I love podcasts. I’ve learned more from free podcasts than I did from a $200,000 college education. There’s a podcast for literally every topic under the sun. Actually, there’s about twelve for every topic under the sun. A podcast can be broad or extremely specific. It’s basically radio on-demand. You listen to exactly what you want, exactly when you want to. And it’s completely free–except for the Audible and Stamps.com commercials that sponsor just about every podcast, though you can skip over them, anyway. While there are some podcasts I listen to for pure entertainment value, I listen to many more podcasts to learn. Continue reading
With the recent release of Christopher Nolan’s Interstellar, I thought I’d look back at the filmmaker’s career— and mine. Ever since The Prestige, a new Nolan film is an event in my life. He is the single-most influential writer/director on my own writing, and the film of his that has had the greatest impact on me is Inception. Continue reading
My first introduction to screenplays was through my college screenwriting class. My professor was helpful in teaching me the basics like three-act structure, and I applied it by writing two short films. A college education is naturally quite expensive, but it wasn’t until a couple of years after college that I really learned how to write feature-length movies. I didn’t pay private script consultants or attend expensive conferences and seminars. I basically taught myself everything there is to know about screenwriting, and I learned it all essentially free of charge. Here’s how I did it: Continue reading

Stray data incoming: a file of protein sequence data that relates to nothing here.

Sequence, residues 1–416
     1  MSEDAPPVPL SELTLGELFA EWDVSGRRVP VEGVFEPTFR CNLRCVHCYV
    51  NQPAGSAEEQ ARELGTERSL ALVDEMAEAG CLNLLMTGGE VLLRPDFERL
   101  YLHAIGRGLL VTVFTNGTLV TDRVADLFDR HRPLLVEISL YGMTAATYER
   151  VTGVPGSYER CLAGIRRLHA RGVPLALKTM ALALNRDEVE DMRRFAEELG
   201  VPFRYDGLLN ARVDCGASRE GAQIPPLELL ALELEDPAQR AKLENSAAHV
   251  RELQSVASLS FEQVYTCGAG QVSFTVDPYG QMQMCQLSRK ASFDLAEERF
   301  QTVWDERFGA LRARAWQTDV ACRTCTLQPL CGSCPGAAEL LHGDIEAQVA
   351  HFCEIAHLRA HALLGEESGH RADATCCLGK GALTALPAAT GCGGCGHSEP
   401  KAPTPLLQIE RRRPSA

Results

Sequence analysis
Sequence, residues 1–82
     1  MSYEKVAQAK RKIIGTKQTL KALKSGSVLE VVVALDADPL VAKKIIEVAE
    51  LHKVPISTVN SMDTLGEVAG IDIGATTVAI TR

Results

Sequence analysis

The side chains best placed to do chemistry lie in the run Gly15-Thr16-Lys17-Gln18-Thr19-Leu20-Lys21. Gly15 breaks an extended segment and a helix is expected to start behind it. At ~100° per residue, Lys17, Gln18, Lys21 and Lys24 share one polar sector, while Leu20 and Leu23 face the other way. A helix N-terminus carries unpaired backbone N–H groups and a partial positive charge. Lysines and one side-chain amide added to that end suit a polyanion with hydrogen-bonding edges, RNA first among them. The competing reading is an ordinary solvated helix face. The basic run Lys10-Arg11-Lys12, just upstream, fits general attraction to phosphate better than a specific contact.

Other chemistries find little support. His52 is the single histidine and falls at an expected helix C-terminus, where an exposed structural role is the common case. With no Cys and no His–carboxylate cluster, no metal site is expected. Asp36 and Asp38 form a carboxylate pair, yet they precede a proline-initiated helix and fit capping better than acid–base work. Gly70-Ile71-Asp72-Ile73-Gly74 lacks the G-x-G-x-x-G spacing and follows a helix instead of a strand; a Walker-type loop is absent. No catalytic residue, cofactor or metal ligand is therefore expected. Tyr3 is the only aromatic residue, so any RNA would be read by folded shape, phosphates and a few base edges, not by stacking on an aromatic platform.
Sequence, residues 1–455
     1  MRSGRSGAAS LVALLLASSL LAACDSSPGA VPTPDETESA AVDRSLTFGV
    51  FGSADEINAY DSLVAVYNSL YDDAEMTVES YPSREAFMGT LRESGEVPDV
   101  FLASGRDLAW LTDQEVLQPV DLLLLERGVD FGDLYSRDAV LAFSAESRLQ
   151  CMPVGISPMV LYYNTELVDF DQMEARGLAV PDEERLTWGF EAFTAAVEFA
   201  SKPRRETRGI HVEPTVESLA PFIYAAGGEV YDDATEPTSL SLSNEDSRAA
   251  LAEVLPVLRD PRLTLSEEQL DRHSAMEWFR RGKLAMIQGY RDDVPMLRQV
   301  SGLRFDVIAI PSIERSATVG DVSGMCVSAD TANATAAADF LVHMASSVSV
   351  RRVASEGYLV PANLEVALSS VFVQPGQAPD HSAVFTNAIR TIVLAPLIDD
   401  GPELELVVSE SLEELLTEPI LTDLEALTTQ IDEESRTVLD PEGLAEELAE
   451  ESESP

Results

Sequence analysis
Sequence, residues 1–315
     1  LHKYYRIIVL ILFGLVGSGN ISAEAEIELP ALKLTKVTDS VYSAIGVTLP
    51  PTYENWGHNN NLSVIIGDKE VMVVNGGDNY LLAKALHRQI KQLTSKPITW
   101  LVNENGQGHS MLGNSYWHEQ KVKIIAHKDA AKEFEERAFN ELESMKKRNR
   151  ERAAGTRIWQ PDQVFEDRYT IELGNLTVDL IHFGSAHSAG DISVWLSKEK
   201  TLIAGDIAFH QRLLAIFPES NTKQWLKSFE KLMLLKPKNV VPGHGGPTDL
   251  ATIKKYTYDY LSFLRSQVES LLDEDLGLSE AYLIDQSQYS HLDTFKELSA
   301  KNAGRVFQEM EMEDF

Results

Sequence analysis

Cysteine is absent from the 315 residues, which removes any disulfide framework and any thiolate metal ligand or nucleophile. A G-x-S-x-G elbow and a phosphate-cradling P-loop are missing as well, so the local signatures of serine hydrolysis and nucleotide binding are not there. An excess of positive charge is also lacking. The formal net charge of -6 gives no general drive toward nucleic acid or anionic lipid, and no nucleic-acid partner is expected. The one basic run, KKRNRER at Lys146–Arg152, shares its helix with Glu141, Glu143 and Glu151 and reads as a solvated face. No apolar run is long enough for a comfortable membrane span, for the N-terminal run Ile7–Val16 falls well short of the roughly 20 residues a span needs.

1. Because I used to blog.
I began my writing career with a blog (Nova News) about my college basketball team, the Villanova Wildcats. The blog started as a project for a class in college, but I continued it long after the class ended— four years in total. I wrote at least one blog post for every game, which was twice a week for the entire season. Maintaining the blog built my writing habit, and more importantly, it taught me that writing could be fun. Continue reading
I saw The Lego Movie recently, and besides teaching me that “everything is awesome,” it reminded me of my childhood playing with Legos. I was an avid collector and loved building the sets then later playing with them. Unlike the child in the movie, I generally followed the instructions, but just like him, when I played with my Legos, I created elaborate stories with the figures and settings. Continue reading
A lot of writers say they’ve dreamed their entire lives of becoming a professional writer. They always knew writing was what they were meant to do. This was not the case for me. I didn’t write creatively as a child, and I didn’t really enjoy reading that much either. For most of my life, I had no idea what I wanted to do. Continue reading